Is Sept. 11 PS suicide?

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btr77
Posts: 42
Joined: Tue Oct 12, 2010 8:40 pm

Is Sept. 11 PS suicide?

Postby btr77 » Fri Dec 03, 2010 11:21 am

I want to pursue a career in national defense/homeland security. I've worked for the government for the last two years, was a White House intern, designed my own undergraduate major to focus on natdef, and wrote my thesis on counterinsurgency strategy. Much of my background fits into that focus, but I wanted to have a small part of my PS state where this focus came from (no more than a paragraph.) My father is a firefighter and my uncle is a Port Authority police officer, both of whom responded after tower 2 went down. Thankfully, my family suffered no loss and I have no personally traumatic stories to tell. However, from then on I became very interested in natdef and the wars, and it was always talked about with my dad. I merely want to relay how this had an effect on me, and more importantly how it compelled me to shape my undergraduate pursuits, my job, and now my plans for law school.

I know a lot of time has passed, but I am just leery that a reader will be thinking, "Ugh, annnnother 9/11." I am in now way trying to wave a bloody shirt, cry patriotism, or overdramatize. I always felt that the only real requirement of a PS was sincerity, and I don't think without my family history I would have the interests I do. Still, I am afraid that regardless of this, that won't come through in the statement?

So, am I shooting myself in the foot? Should I talk about my interests and leave this out completely? Any input is greatly appreciated.

btr77
Posts: 42
Joined: Tue Oct 12, 2010 8:40 pm

Re: Is Sept. 11 PS suicide?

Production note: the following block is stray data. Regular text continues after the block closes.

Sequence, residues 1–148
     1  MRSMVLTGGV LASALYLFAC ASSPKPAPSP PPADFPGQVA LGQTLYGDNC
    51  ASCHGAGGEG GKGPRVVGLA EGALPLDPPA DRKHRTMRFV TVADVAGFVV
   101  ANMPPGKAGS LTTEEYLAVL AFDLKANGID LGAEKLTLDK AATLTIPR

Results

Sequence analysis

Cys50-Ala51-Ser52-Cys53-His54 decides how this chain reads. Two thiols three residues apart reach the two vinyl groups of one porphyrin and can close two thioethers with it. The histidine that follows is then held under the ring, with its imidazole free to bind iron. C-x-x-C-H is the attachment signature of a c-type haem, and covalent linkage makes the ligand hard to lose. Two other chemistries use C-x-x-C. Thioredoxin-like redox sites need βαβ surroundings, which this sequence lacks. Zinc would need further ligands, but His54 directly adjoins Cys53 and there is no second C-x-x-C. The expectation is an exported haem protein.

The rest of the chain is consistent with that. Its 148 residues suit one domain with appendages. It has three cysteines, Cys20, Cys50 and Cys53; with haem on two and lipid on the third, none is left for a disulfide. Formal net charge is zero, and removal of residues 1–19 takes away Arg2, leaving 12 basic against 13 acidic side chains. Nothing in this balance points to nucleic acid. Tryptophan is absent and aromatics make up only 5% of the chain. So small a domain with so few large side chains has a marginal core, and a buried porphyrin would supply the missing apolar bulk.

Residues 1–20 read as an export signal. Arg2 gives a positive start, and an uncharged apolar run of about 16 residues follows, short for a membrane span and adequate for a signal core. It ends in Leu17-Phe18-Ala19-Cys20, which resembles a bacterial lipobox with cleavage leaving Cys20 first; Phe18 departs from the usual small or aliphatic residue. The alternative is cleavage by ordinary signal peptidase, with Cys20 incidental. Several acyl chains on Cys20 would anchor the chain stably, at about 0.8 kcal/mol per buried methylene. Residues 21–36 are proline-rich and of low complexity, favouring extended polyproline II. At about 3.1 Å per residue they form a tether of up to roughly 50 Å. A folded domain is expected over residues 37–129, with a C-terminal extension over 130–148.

Postby btr77 » Fri Dec 03, 2010 3:47 pm

anyone....?

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gbpackerbacker
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Joined: Sun May 17, 2009 12:13 am

Re: Is Sept. 11 PS suicide?

Postby gbpackerbacker » Fri Dec 03, 2010 3:51 pm

If you can spin it right then I would do it. It appears that you might be able to do it. I can easily see it going south, though...

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bergg007
Posts: 412
Joined: Tue May 25, 2010 12:21 am

Re: Is Sept. 11 PS suicide?

Postby bergg007 » Fri Dec 03, 2010 3:52 pm

btr77 wrote:I want to pursue a career in national defense/homeland security. I've worked for the government for the last two years, was a White House intern, designed my own undergraduate major to focus on natdef, and wrote my thesis on counterinsurgency strategy. Much of my background fits into that focus, but I wanted to have a small part of my PS state where this focus came from (no more than a paragraph.) My father is a firefighter and my uncle is a Port Authority police officer, both of whom responded after tower 2 went down. Thankfully, my family suffered no loss and I have no personally traumatic stories to tell. However, from then on I became very interested in natdef and the wars, and it was always talked about with my dad. I merely want to relay how this had an effect on me, and more importantly how it compelled me to shape my undergraduate pursuits, my job, and now my plans for law school.